You've probably heard of school laptop programs, and some schools now expect students at least to have access to computers at home. But do you ever wonder how useful (or not) it is for high school students to take their laptops to school?
Marian Merritt, Symantec's Internet Safety Advocate and mother of an 8th-grader, wondered just that and put some good thinking about it down in her blog the other day. Marian also asked some colleagues, including me, if we'd seen any research on it, so I turned to my friend and tech educator Anne Bubnic with the California Technology Assistance Project (CTAP) for her experience with school laptop programs.
Anne pointed us to some meaty links (below) but, first, here's some of her personal experience with student laptops in school which I think you'll find as interesting as I did:
"I would have to say about laptops that bringing one to a school where the teachers are all on board with a structured method of incorporating them into studies is an entirely different beast than bringing one into a classroom just for note-taking, as Marian describes. A student doing so on her own would have to be a lot more self-disciplined.
"I filmed a group of math students. They talked about how the laptops have helped them become so much better organized. They never lose assignments or papers they are writing. They talked about being better organized again and again. It was amazing how confident that made them feel. They are learning real-world skills that will serve them well in the workplace!
"They record all of their notes on NoteTaker [software]. They record homework assignments and test dates on their electronic calendars. Even their books are electronic! The kids told us that their teachers post all of their homework assignments online and that they often do the homework before it is even due – can you imagine?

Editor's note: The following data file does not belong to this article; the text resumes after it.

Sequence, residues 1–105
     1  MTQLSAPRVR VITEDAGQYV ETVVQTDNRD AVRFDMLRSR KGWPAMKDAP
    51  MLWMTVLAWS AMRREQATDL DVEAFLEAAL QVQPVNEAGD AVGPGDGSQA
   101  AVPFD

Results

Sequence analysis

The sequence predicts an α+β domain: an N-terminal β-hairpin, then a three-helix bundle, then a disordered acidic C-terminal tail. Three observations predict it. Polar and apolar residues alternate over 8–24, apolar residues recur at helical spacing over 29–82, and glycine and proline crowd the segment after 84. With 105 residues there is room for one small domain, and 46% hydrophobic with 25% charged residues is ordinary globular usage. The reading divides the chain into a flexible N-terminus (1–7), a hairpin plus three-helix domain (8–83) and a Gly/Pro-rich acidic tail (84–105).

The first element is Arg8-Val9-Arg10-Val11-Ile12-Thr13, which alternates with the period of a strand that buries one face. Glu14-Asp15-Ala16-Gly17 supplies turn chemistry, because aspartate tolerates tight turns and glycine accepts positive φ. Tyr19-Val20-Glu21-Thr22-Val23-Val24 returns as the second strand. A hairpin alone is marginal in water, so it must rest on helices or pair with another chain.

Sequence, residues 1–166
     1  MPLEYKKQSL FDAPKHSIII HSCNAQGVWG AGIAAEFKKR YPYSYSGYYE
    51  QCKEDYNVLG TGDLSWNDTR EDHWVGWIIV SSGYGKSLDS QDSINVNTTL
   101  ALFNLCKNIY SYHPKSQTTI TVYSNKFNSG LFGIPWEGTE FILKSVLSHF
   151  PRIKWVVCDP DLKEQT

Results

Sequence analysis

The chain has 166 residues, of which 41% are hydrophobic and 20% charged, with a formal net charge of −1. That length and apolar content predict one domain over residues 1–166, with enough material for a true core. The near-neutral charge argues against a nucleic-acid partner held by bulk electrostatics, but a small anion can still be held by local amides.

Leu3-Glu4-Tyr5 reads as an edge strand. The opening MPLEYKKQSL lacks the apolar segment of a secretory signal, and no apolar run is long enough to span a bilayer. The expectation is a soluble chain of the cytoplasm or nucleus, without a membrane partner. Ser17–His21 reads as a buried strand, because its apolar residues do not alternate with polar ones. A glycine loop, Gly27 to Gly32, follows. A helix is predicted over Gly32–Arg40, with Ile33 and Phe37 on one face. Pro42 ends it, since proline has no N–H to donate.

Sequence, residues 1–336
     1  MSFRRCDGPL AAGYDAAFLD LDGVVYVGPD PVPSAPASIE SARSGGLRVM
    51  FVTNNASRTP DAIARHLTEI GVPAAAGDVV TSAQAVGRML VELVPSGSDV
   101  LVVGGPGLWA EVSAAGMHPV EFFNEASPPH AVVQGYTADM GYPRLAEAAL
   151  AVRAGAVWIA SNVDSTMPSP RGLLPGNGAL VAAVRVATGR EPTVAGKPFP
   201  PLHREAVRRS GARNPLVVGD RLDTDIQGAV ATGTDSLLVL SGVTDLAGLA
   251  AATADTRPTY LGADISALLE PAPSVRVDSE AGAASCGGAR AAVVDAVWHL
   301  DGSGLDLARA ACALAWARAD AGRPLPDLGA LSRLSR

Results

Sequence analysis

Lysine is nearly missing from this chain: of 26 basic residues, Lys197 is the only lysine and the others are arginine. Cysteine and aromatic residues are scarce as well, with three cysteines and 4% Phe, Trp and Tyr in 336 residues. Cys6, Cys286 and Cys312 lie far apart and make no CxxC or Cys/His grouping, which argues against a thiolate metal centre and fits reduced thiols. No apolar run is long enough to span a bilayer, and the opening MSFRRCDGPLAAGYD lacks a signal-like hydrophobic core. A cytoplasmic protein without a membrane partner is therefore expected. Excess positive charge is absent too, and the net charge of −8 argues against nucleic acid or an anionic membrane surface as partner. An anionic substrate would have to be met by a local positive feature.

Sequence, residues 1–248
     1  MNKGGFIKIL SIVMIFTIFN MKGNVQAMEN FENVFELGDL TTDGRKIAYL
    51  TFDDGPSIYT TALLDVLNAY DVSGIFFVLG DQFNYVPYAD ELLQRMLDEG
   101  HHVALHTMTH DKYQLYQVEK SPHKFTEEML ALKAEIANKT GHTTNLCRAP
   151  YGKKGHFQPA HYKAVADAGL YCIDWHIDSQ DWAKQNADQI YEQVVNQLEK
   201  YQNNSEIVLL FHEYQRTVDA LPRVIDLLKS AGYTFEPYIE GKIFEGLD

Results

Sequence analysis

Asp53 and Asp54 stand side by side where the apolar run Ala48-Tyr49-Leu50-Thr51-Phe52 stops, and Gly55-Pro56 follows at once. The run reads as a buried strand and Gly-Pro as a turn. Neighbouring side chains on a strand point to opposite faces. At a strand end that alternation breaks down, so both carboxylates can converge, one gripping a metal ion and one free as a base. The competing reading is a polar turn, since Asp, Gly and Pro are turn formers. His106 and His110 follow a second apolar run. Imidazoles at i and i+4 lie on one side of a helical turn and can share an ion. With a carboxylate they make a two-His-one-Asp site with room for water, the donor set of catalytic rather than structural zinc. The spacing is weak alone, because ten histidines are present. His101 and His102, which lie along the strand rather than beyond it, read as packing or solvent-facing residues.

"They’ve learned how to juggle their busy sports schedules and social lives and homework in a way that works for them. But even more amazing, they are tackling math that may have not even been taught yet in the classroom! To watch these students using laptops is pure utopia. You wish you could wave a magic wand and every school district in the country would be there!"
* Links from Anne Bubnic: "One of the leading experts is Saul Rockman, who also has served as CTAP's external evaluator for over 5 years," Anne wrote. "You can find some of the Rockman, et al, studies here. And here's more research from respected educator Gary Stager and the Ubiquitous Computing Evaluation Consortium. Apple Computers also has done a number of studies. Here's one on Del Mar Middle School" in Marin County, northern California. "You can also go to the Del Mar Middle School web site and find the latest student survey results," and Anne pointed to a laptop learning site at Ning.com.
* Big-picture food for thought from PBS column "I, Cringely": "We've reached the point in our … cultural adaptation to computing and communication technology that the younger technical generations are so empowered they are impatient and ready to jettison institutions most of the rest of us tend to think of as essential, central, even immortal. They are ready to dump our schools. I came to this conclusion recently while attending Brainstorm 2008, a delightful conference for computer people in K-12 schools throughout Wisconsin. They didn't hold breakout sessions on technology battles or tactics, but the idea was in the air. These people were under siege…. Kids can't go to school today without working on computers. But having said that, in the last five years more and more technical resources have been turned to how to keep technology OUT of our schools." See also "Beyond System Reform" in Education Week.
* "Starting School Laptop Programs: Lessons Learned" by Andrew Zucker, Ed.D., Senior Research Scientist, The Concord Consortium – a few years old but substantive and on the opposite end of the US from Anne
* "Study: Middle school laptop program leads to writing improvements" from the Associated Press, 10/07
* "School drop laptop programs, but are they dropping the ball as well?" in Andy Carvin's education blog at PBS.org, looking at a New York Times report last May
* "School laptop debate heats up" in eSchool News, 9/06